Rawiri Waititi isn’t the first Māori leader to call for an indigenous parliament

Self-governance is an idea that’s been advanced by indigenous peoples in countries around the world – including in Aotearoa.

At Waitangi this week, Te Pāti Māori co-leader Rawiri Waititi called for the establishment of a Māori parliament in Aotearoa. Despite having Māori seats and MPs, it is no secret that New Zealand’s existing parliament is a Pākehā space, not an indigenous one. Which makes sense: our parliament, like most others in the Commonwealth, is based on the United Kingdom’s Westminster model. So how would a Māori parliament be different, and are there other indigenous parliaments worldwide?

Have we ever had a Māori parliament before?

Rawiri Waititi isn’t the first Māori leader to call for an indigenous parliament. Since He Whakaputanga o te Rangatiratanga o Nu Tireni was signed in 1835, tangata whenua have thought up institutions mirroring Western parliaments. But the phrase “Māori parliament” is predominantly associated with the 1892-1902 pan-tribal “Kotahitanga” movement, which aimed to promote Māori interests, like stopping land theft. Although some Pākehā politicians attended its sessions, Wellington never officially recognised the legitimacy of this movement. Te Kotahitanga had two bodies: an upper house (Te Whare Ariki) and lower house (Te Whare o Raro). While modern Aotearoa only has one parliamentary body, it is not unusual for nations to have two, including the US (Congress and Senate), historic New Zealand (parliament and the legislative council, abolished in 1951) and many others.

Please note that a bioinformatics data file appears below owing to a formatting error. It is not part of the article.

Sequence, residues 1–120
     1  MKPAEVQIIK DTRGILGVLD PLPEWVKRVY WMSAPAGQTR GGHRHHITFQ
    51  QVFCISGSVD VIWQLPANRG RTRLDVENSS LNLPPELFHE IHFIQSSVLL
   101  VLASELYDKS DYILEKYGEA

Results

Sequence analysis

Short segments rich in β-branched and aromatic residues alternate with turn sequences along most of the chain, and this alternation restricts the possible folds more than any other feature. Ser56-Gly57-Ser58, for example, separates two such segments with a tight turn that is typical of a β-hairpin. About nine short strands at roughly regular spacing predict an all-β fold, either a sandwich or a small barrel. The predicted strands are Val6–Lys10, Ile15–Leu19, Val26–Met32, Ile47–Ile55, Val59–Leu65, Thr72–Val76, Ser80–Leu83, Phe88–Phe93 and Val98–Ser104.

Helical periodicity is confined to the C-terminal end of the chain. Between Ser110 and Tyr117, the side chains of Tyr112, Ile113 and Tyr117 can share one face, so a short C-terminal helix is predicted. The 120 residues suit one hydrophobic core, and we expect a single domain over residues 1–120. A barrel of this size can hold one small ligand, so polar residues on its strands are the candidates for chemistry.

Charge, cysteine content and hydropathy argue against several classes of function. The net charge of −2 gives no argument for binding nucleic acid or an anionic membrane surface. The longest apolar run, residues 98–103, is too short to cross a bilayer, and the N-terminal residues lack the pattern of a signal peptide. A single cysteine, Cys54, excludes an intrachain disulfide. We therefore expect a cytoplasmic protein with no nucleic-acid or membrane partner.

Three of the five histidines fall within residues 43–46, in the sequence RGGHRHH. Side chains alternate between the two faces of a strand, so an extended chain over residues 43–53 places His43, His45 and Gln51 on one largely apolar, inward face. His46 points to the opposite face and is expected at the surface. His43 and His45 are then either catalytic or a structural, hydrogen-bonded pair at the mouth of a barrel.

Te Kotahitanga had a chairperson, prime minister equivalent (premier) and speaker of the house, which were three of its 140 positions – 44 in Te Whare Ariki and 96 in Te Whare o Raro. Members of the latter were voted on during national elections from four constituencies (Ngāpuhi, Te Tai Hauāuru, Te Tai Rawhiti and Te Waipounamu), and they appointed Te Whare Ariki representatives. Te Kotahitanga lacked a central parliamentary precinct, like Wellington. Instead its location changed regularly, with purpose-built wharenui sometimes being erected. Annual hui were held 10 times in its 10-year existence across Pākirikiri, Pāpāwai, Rotorua, Taupo, Waiōmatatini and Waitapu. 

This photo shows the purpose-built wharenui in Pāpāwai hosted the sixth and seventh Te Kotahitanga hui in 1897 and 1898. The wharenui looks more similar to a Western church than the kind of wharenui we have come to expect nowadays, as it lacks carving. There are two buildings, one single story building at the forefront and another two story building behind.
This purpose-built wharenui in Pāpāwai hosted the sixth and seventh Te Kotahitanga hui in 1897 and 1898. (Photo: Alexander Turnbull Library)

What other entities resembled a Māori parliament?

Te Kotahitanga wasn’t the first nor the only Māori body resembling a Western parliament. When northern chiefs signed He Whakaputanga in 1835, they agreed to meet annually in autumn for a congress to enact laws, uphold justice, order and peace, and regulate trade. While the congress never officially met, it is the first Māori parliamentary proposal. These proposals were also not just created by tangata whenua, as the government set several up. 

In 1860, many rangatira attended a special government-convened meeting at the Kohimarama mission station (at modern-day Mission Bay). The most significant discussion at this “Kohimarama conference” was governor Thomas Gore Brown’s proposal to condemn Taranaki iwi for fighting the Crown. The government also tried to set up “Māori councils” on three occasions, including a failed attempt right after the Kohimarama conference. Te Kotahitanga Hou, the first successful attempt, started at the end of the 1800s, effectively ending the Kotahitanga parliament. The most famous example is the New Zealand Māori Council, which was created in 1962 and still exists today. Its original mandate was the economic and social advancement of tangata whenua and today it advocates on behalf of Māori, sometimes legally, regarding Treaty issues. All these council movements shared similar processes, for example electing representatives geographically or tribally.